Tuesday, March 2, 2010
NBA's LeBron James to Change Jersey Number
LeBron James, NBA's poster-child, wants to change his jersey number.
James filed paperwork with the NBA Monday to begin the process, according to multiple sources.
Currently, it's hard for one to see any type of NBA advertisement and not see the star's face.
What you also see is his jersey, and since 2003, it's been adorned with the number 23.
It's a magical number, based on the sole fact that one of the most recognizable names in sports made it famous.
Michael Jordan, who some say will be surpassed in legendary status by James, made the number famous during his career at the University of North Carolina and with the Chicago Bulls.
Since Jordan's retirement from the Bulls in 1998, a new face has graced the digits, and he's nicknamed "King James" for a reason.
The 25-year-old phenomenon blasted into the NBA straight out of high school as the No. 1 pick by the Cleveland Cavaliers, and has become perhaps the biggest name in sports since his arrival.
He won the NBA's Rookie of the Year Award and was named to the All-Rookie First Team in 2004.
The name "LeBron" can be heard all over basketball courts around America, as he's gained notoriety by being named to the NBA All-First Team three times, NBA All-Star six times, and the NBA's Scoring Champion in 2008, among other awards..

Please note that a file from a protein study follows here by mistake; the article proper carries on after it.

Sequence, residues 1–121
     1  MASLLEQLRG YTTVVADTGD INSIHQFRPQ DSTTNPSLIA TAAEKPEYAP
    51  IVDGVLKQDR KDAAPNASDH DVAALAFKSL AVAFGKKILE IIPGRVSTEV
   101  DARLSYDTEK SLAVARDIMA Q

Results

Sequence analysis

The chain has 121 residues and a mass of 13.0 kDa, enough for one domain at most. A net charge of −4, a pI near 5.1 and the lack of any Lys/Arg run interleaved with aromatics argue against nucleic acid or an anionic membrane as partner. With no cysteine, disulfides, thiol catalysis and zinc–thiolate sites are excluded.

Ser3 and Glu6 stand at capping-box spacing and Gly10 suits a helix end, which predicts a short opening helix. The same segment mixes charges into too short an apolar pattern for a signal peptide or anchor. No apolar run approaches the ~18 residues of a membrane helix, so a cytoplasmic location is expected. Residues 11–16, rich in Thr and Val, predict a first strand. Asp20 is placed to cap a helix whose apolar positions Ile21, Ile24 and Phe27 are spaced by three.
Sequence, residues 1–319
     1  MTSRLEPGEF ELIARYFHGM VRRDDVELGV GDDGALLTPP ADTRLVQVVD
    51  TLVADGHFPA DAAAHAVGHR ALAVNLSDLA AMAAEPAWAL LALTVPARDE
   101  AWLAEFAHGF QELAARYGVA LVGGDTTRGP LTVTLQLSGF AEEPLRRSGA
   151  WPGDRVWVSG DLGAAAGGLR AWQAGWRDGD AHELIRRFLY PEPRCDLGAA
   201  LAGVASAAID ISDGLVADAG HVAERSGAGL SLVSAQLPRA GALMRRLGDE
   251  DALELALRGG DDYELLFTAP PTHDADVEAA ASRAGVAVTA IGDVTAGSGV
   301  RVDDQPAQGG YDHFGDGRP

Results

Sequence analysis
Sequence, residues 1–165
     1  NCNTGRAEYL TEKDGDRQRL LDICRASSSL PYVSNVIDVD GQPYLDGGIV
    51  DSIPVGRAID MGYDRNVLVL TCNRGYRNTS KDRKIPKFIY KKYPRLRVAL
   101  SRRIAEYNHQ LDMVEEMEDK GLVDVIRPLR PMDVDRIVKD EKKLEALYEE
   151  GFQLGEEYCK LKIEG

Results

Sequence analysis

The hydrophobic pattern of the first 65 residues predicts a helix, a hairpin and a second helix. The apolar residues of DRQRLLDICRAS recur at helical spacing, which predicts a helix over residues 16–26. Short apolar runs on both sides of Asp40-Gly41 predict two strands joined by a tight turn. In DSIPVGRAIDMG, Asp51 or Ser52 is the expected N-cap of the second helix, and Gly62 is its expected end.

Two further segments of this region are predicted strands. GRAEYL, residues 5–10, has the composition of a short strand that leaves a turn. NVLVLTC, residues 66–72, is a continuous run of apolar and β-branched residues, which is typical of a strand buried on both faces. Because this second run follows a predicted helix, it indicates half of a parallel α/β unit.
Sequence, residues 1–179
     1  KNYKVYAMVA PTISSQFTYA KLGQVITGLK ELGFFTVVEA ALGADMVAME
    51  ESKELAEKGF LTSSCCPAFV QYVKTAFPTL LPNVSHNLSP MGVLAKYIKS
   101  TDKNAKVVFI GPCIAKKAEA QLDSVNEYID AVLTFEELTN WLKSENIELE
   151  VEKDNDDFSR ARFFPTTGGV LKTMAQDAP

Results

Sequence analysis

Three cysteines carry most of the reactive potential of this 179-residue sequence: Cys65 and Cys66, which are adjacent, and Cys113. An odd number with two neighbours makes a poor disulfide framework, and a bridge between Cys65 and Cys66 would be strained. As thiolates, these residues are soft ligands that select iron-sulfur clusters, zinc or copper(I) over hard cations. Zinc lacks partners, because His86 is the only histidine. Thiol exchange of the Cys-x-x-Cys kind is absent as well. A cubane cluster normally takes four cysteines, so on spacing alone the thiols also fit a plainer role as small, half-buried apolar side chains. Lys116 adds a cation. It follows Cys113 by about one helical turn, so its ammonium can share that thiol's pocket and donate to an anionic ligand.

So it looks like he's heading down Jordan's path to success with the two and three on his chest, so why the change?
Last November, James said the NBA should retire the No. 23, making reference to Jordan's brilliant career.
Nothing having been done, he's now decided to "get the ball rolling" on the process, and wants to change his number to six.
The No. 6 happens to be his TEAM USA Olympic jersey number, and he's had success with it already.
The Ohio native already has two Olympic medals while donning the number, a bronze in 2004 and the ultimately prized gold in '08.
But does the change constitute controversy? Well, maybe so, but not anytime soon.
The number happens to be that worn by Bill Russell, an 11-time NBA champion with the Boston Celtics in the 1950s and 60s.
Someone in the future may feel it's necessary to retire the No. 6 as well, but only time will tell.
It's safe to say that the odds of it will probably be raised by James's future performances.